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Methodist Specialty Care Center (Specialty), a hospital-based nursing facility owned by Methodist Rehabilitation Center (Methodist), included an allocation of Methodist’s Medicaid Assessment in its nursing-facility cost report. The Division of Medicaid (DOM) disallowed the allocation for Specialty’s cost report, finding that Methodist’s assessment was not an allowable cost for Specialty. Specialty appealed the decision to the Chancery Court, which affirmed the decision of the DOM. Because Methodist’s assessment was not an allowable cost for Specialty under the plain language of the State Medical Plan (Plan) and the Medicaid statutory structure, the Mississippi Supreme Court affirmed the decisions of the DOM and the chancery court. View "Mississippi Methodist Hospital & Rehabilitation Center, Inc. v. Mississippi Division of Medicaid et al." on Justia Law

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In 2016, plaintiff Jennifer Buhl and her husband went to a party store in Oak Park, Michigan. As she was walking, plaintiff saw a raised crack in the sidewalk outside the store and tried to step over it. Because plaintiff did not notice that the sidewalk was uneven on the other side of the crack, she fell and fractured her left ankle. The specific question this case raised for the Michigan Supreme Court’s review was whether an amendment to the governmental tort liability act (GTLA) that went into effect after plaintiff’s claim accrued but before plaintiff filed her complaint could be retroactively applied. The Supreme Court held that the amended provision did not apply retroactively. Accordingly, the Court of Appeals’ judgment was reversed and the matter remanded for further proceedings. View "Buhl v. City of Oak Park" on Justia Law

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The Census Bureau issued a request for quotations seeking statistical analysis system and database programming support services. The Bureau intended to issue a time and materials task order, set aside for women-owned small businesses; the contract award would be made on a best-value basis, considering price and four nonprice factors. The Bureau’s technical evaluation team assigned Harmonia’s proposal nine strengths, no weaknesses, and two risks under factor one, the technical factor; its proposals to cross-train its development staff and to introduce an extract, transform, and load (ETL) automation tool could provide efficiencies but Harmonia’s proposed cross-training and use of an ETL automation tool could result in delays in contract performance. The contracting officer found no meaningful differences in the Harmonia and Alethix proposals with respect to factors two, three, and four; the tradeoff analysis was rooted in the technical factor: The Bureau awarded Alethix the contract.Harmonia filed a protest, challenging the technical evaluation, alleging that the contracting officer violated 48 C.F.R. 19.301-1(b) by failing to refer Alethix to the Small Business Administration for a size determination, and challenging the best-value determination, The Federal Circuit affirmed the Claims Court in granting the government judgment on the administrative record with respect to Counts I and III and dismissing Count II for failure to exhaust administrative remedies. Harmonia had not availed itself of the SBA’s procedures for bringing a size protest. View "Harmonia Holdings Group, LLC v. United States" on Justia Law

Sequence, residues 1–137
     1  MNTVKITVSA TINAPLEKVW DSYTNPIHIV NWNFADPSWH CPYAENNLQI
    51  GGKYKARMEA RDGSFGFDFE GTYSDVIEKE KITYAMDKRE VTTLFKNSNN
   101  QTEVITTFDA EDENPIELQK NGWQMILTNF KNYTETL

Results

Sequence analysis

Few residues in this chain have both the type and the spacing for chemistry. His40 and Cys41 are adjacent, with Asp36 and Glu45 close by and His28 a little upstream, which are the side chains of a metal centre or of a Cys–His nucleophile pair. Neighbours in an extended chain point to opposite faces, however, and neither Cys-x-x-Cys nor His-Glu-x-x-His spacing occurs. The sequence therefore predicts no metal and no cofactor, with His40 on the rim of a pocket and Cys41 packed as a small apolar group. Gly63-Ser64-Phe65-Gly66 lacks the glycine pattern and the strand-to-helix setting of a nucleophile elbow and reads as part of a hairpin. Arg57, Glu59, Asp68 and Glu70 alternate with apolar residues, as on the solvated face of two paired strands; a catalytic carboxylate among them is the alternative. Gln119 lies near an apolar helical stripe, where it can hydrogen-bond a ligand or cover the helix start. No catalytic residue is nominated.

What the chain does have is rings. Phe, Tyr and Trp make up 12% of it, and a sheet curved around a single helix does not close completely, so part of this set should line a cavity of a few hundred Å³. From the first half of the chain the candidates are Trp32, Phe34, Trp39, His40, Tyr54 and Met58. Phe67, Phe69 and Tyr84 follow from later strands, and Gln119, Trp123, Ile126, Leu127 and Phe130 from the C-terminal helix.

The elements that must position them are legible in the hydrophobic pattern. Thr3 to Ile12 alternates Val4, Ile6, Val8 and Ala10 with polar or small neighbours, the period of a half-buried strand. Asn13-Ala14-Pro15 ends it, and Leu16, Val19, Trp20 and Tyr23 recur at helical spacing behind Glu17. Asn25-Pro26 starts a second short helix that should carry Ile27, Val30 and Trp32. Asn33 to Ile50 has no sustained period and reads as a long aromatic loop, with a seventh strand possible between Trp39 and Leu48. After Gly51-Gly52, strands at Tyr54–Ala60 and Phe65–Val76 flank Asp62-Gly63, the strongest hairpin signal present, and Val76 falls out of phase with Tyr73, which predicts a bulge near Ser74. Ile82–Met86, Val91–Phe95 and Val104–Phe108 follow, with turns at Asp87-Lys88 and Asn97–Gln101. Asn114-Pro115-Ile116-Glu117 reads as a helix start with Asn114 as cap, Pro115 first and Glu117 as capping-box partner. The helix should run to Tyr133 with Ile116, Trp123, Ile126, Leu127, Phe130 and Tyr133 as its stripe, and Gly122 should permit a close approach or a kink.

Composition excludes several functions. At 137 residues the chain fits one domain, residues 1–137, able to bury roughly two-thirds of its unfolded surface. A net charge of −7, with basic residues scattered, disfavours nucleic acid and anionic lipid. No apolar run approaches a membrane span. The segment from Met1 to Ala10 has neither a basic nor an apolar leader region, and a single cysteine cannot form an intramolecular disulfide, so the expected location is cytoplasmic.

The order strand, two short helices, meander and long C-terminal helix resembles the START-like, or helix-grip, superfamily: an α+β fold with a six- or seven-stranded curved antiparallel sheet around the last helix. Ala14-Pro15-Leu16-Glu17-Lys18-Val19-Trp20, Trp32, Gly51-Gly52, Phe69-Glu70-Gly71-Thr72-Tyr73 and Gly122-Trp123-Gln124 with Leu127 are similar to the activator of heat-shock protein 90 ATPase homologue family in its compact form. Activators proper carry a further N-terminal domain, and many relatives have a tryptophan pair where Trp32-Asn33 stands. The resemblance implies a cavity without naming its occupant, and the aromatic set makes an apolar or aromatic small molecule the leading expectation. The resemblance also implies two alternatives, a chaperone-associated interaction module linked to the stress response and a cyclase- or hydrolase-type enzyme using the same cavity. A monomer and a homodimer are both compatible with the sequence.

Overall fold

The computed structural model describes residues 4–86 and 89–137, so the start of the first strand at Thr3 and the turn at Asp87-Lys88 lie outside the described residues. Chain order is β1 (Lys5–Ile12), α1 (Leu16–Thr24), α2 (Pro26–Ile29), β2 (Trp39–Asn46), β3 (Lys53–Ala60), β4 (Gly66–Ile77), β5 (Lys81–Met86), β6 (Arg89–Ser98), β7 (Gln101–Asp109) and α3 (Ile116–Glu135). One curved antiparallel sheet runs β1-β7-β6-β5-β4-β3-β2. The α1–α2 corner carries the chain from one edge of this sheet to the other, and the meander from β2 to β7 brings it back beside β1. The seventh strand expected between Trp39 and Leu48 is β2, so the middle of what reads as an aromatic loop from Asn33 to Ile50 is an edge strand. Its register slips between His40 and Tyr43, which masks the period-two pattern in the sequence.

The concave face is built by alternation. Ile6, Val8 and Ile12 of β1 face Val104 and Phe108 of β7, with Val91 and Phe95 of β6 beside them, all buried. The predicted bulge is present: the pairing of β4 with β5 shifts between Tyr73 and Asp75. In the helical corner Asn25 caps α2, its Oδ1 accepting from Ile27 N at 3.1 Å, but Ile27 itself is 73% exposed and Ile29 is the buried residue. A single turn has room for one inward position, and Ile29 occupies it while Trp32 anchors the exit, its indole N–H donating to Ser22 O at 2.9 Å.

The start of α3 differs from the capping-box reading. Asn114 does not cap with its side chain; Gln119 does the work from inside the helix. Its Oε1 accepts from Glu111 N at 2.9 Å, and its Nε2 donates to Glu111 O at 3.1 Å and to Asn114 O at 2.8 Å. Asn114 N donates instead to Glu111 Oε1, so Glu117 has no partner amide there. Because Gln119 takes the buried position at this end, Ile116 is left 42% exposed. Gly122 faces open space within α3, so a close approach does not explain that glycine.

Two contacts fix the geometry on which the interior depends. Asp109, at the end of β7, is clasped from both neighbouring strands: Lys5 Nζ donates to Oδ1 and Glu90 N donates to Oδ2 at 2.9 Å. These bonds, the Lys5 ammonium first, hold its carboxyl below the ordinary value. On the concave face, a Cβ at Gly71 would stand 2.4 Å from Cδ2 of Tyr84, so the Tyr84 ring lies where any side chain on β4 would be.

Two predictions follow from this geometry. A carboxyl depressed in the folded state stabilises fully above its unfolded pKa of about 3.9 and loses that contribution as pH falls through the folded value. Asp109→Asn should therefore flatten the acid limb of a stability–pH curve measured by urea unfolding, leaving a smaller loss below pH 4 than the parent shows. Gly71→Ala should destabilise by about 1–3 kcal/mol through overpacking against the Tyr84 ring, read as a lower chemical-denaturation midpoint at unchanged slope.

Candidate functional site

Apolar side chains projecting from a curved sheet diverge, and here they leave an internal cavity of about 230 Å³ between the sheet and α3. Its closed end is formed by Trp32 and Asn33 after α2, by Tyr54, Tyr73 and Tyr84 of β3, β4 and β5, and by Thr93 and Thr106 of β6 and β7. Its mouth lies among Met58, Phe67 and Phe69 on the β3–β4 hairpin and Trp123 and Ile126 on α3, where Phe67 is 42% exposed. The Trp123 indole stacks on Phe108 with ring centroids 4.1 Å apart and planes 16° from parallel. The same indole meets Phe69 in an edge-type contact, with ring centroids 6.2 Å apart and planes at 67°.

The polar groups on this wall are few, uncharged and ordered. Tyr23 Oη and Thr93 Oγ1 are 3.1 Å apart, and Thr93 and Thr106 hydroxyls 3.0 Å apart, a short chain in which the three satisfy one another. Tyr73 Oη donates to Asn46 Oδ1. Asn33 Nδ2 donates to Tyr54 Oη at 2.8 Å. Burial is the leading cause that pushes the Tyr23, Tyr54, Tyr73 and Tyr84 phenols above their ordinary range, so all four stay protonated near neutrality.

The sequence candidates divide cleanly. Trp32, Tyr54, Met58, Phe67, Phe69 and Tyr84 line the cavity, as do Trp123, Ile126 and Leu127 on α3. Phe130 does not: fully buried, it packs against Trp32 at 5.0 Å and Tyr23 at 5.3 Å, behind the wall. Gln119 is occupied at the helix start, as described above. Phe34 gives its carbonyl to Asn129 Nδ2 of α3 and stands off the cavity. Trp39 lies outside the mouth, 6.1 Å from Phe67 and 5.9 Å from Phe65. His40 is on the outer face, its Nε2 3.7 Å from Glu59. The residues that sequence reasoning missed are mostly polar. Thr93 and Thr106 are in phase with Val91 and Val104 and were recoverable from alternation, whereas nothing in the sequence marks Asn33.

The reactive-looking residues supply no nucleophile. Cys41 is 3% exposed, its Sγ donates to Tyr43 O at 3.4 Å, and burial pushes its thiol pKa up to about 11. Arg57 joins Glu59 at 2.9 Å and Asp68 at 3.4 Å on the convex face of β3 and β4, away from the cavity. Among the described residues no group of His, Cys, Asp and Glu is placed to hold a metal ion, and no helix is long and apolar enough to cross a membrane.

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This case stemmed from a dispute over the unemployment-insurance tax rate applicable to Great Oaks Country Club, Inc (Great Oaks). The Department of Talent and Economic Development/Unemployment Insurance Agency (the Agency) determined that Great Oaks was not entitled to the new-employer tax rate under the Michigan Employment Security Act (the MESA), specifically MCL 421.13m(2)(a)(i)(A) and (B). An ALJ determined that because Great Oaks had eight quarters of no employment or payroll before January 1, 2014, it was entitled to the new-employer tax rate. The ALJ further ruled that the phrase “beginning January 1, 2014” in MCL 421.13m(2)(a)(i)(A) and (B) was the date by when a client employer must have accrued eight quarters of not reporting employees or payroll. The Agency appealed the ALJ’s decision to the Michigan Compensation Appellate Commission (the MCAC), and the MCAC affirmed the ALJ’s decision. The Court of Appeals adopted the interpretation of Section 13m offered by the Agency, which maintained that a client employer must have switched to client-level reporting before January 1, 2014, to be assessed the new-employer tax rate (the conversion-date interpretation). The Michigan Supreme Court disagreed, holding that in this context, Section 13m was best understood according to the interpretation offered by Great Oaks: that a client employer must have accrued the relevant number of calendar quarters in which it reported “no employees or no payroll” by January 1, 2014, to be assessed the new-employer tax rate (the accrual-date interpretation). And because Great Oaks reported no employees or payroll for eight consecutive calendar quarters before January 1, 2014, the Supreme Court held that Great Oaks was entitled to be assessed the new-employer tax rate under Section 13m of the MESA. Accordingly, the Court of Appeals’ decision was reversed and the matter remanded to the Agency for further proceedings. View "Dept. of Talent & Econ. Dev. v. Great Oaks Country Club" on Justia Law